Wholesaling, when done right, has the potential to be a lucrative venture. Unlike traditional real estate where you’re sinking money into repairs and hoping for a higher sale price, in wholesaling, you’re essentially trading on information and connections. The assignment fee is a reflection of the value you bring to the table by bridging gaps: finding off-market deals, connecting buyers, and ensuring smooth transactions.

However, like any business, it’s not a get-rich-quick scheme. It requires networking, understanding market dynamics, and building trust. But for those who master it, wholesaling offers a way to tap into the real estate market without the hefty investments or risks associated with buying and holding properties. And those assignment fees? They can add up, turning this gig into a genuine goldmine.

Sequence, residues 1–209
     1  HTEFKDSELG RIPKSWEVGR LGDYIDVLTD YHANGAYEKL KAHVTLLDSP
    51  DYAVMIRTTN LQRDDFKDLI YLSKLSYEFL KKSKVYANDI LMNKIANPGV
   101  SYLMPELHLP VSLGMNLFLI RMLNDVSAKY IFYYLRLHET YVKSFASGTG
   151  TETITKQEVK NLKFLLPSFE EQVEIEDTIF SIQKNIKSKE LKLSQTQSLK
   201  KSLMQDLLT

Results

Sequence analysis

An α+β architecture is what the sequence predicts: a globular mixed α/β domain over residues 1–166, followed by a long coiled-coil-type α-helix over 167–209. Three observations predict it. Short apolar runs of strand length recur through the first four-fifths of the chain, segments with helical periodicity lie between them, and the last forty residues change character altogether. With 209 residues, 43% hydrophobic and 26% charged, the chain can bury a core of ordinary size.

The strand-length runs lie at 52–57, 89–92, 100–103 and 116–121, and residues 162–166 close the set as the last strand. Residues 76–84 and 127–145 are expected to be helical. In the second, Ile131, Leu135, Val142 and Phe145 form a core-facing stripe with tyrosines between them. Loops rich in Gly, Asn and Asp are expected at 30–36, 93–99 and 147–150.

If you’re interested in turning wholesaling into a business, here’s a quick video showing how:

Are Real Estate Contracts Binding for Wholesalers?

Imagine shaking hands on a deal. That sense of commitment you feel? That’s the spirit of a real estate contract. But is it just a handshake, or is there more weight behind it?

In the official world, yes, real estate contracts are binding. When both parties – buyer and seller – ink their signatures on that dotted line, they’re promising to uphold their end of the deal. However, like any promise, there are nuances.